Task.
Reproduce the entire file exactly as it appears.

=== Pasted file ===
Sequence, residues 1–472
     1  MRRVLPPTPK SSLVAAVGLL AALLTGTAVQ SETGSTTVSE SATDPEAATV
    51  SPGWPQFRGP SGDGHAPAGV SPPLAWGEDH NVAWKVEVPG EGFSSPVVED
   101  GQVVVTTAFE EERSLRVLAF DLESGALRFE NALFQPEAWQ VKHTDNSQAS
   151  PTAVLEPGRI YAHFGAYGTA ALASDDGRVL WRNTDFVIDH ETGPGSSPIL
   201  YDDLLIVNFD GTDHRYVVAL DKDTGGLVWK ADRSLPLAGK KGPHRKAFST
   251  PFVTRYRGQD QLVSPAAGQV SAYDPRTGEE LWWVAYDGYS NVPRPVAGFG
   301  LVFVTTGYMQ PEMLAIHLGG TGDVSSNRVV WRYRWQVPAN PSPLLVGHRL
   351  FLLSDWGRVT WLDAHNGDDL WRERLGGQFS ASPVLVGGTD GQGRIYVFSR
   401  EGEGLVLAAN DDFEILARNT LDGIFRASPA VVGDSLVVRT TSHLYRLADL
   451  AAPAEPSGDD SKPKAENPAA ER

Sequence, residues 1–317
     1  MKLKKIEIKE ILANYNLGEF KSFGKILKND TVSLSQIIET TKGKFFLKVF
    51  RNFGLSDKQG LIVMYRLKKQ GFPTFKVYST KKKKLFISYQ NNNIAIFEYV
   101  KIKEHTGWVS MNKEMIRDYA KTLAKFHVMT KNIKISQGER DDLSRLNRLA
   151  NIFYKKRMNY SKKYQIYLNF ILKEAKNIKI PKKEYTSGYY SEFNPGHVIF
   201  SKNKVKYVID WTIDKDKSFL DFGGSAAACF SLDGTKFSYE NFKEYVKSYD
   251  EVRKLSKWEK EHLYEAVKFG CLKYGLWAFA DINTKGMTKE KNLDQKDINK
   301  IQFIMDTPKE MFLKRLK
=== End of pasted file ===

Sequence, residues 1–472
     1  MRRVLPPTPK SSLVAAVGLL AALLTGTAVQ SETGSTTVSE SATDPEAATV
    51  SPGWPQFRGP SGDGHAPAGV SPPLAWGEDH NVAWKVEVPG EGFSSPVVED
   101  GQVVVTTAFE EERSLRVLAF DLESGALRFE NALFQPEAWQ VKHTDNSQAS
   151  PTAVLEPGRI YAHFGAYGTA ALASDDGRVL WRNTDFVIDH ETGPGSSPIL
   201  YDDLLIVNFD GTDHRYVVAL DKDTGGLVWK ADRSLPLAGK KGPHRKAFST
   251  PFVTRYRGQD QLVSPAAGQV SAYDPRTGEE LWWVAYDGYS NVPRPVAGFG
   301  LVFVTTGYMQ PEMLAIHLGG TGDVSSNRVV WRYRWQVPAN PSPLLVGHRL
   351  FLLSDWGRVT WLDAHNGDDL WRERLGGQFS ASPVLVGGTD GQGRIYVFSR
   401  EGEGLVLAAN DDFEILARNT LDGIFRASPA VVGDSLVVRT TSHLYRLADL
   451  AAPAEPSGDD SKPKAENPAA ER

Sequence, residues 1–317
     1  MKLKKIEIKE ILANYNLGEF KSFGKILKND TVSLSQIIET TKGKFFLKVF
    51  RNFGLSDKQG LIVMYRLKKQ GFPTFKVYST KKKKLFISYQ NNNIAIFEYV
   101  KIKEHTGWVS MNKEMIRDYA KTLAKFHVMT KNIKISQGER DDLSRLNRLA
   151  NIFYKKRMNY SKKYQIYLNF ILKEAKNIKI PKKEYTSGYY SEFNPGHVIF
   201  SKNKVKYVID WTIDKDKSFL DFGGSAAACF SLDGTKFSYE NFKEYVKSYD
   251  EVRKLSKWEK EHLYEAVKFG CLKYGLWAFA DINTKGMTKE KNLDQKDINK
   301  IQFIMDTPKE MFLKRLK